USC University of Southern California

Parker White DDS ’17

Parker White Feature

Dramatically switching gears following a career in real estate development, Parker White went back to school and is preparing to join his wife Lindsey Robinson DDS ’90 in the dental profession.

BY BETH NEWCOMB MPH ’13

This year’s Ostrow School of Dentistry White Coat Ceremony doesn’t just mark the start of dental education for Parker White DDS ’17—it also signifies a new professional beginning.

Originally from Modesto, Calif., Parker attended Modesto Junior College and California State University, Long Beach before launching a successful career in real estate development. Unfortunately, the economy eventually took its toll, and he was forced to reassess his livelihood.

“For several years I bought residential real estate to either keep as a rental or sell to roll equity into another property,” Parker says. “This made financial sense until the real estate market took a dive during the recession beginning in 2008.”

Luckily, the inspiration for his new professional journey was well within reach. Parker’s wife Lindsey Robinson DDS ’90 is an Ostrow alumna and a pediatric dentist as well as the current president of the California Dental Association. Several members of her family are also dental professionals, including her father Richard Robinson DDS ‘72.

“All along, I had been assisting in building my wife’s practice in pediatric dentistry and became well acquainted with the rigors and rewards of clinical dental practice,” Parker says.  “It was a natural evolution to pursue the ‘family business.’”

With the dentistry role models in his family encouraging him, Parker decided to aim for dental school. He attended Sierra College and the University of Nevada, Reno in order to complete his pre-dental school coursework. As he begins his dental career, he’s been fortunate to receive advice from the oral health professionals in his family.

“They have taught me that dentistry is an excellent and very rewarding health care profession,” Parker says. “While there are challenges in managing the business aspects and leading a diverse team of allied health care professionals, there is a richness of benefits received in building relationships within the community and, at the most basic level, helping people maintain optimal oral health.”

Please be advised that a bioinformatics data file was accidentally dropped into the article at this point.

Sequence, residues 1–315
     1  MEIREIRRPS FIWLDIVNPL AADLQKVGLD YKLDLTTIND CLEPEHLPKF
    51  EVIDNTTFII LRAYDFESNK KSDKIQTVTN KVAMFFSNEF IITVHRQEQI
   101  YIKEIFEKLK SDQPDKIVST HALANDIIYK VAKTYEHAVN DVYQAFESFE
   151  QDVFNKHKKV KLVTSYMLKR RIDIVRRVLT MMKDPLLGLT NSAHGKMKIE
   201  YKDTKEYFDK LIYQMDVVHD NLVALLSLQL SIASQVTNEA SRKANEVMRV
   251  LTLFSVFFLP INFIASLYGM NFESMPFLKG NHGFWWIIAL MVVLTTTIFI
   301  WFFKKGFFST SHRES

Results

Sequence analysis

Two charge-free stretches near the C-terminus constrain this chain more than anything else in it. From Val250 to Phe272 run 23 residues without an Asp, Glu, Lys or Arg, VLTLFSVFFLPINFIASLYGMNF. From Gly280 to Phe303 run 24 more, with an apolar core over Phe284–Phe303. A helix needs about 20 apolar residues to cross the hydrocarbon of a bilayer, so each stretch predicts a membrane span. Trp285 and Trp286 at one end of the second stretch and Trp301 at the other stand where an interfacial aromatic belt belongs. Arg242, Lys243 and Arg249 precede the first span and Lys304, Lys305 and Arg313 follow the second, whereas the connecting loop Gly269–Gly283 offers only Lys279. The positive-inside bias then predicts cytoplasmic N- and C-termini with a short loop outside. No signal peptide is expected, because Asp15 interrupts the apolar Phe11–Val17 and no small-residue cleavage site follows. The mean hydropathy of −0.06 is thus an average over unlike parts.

Parker has also received the inside scoop on what being an Ostrow School of Dentistry student involves and tips for succeeding in dental school.

“Through my wife’s involvement with organized dentistry, I’ve had the opportunity to talk to several recent Ostrow grads and current students,” he says. “I’ve gotten information on how the curriculum works within the small study groups and what goes on in the simulation lab. There is a massive amount of material to absorb all at once —I’ve been told that building strong relationship with fellow students and maintaining a positive attitude helps a lot!”

However, all the insider information hasn’t spared Parker from being nervous as he begins dental school – especially since he is a nontraditional student. He hopes that he and younger students will still have much to share with one another.

“I’m a little trepidatious about being over 40 and surrounded by students who are a generation removed from me. Young people today are incredibly smart and hardworking, which shows in the caliber of individuals entering dental school today,” he says. “At the same time, I look forward to getting to know the highly collaborative and tech savvy Gen Ys and sharing with them the wisdom I’ve accumulated through life experience.”

Parker has very clear goals for when he finishes dental school and plans to make his new career even more of a family affair.

“My wife has a well-established pediatric dentistry practice in our community. With me as a general dentist, we could jointly offer dental care to the community across the age spectrum,” he says. “My wife has a large number of special needs and medically compromised children and young adults who will be able to transition to adult care while remaining in the same location.”

He also is committed to giving back, both to the profession and to the community.

“Following my wife’s example, it is my intention to become active in organized dentistry and remain a member of the California Dental Association for the entire length of my career,” he says. “I feel it is my professional obligation to support the profession in this way and also give back to the community by providing pro bono dental care.”

Parker is looking forward to the White Coat Ceremony and views it as a symbol of what he’s accomplished as a nontraditional student pursuing a new profession, he says.

“My wife may be even more excited than I am about the White Coat ceremony, as this was not in existence when she started at Ostrow in the late 1980s,” he says.

See Parker and the entire incoming DDS, DH and ASPID classes take the first step on their professional journey to becoming dental professionals at the 2013 White Coat Ceremony on Sept. 9 at 5 p.m. in the Bovard Auditorium.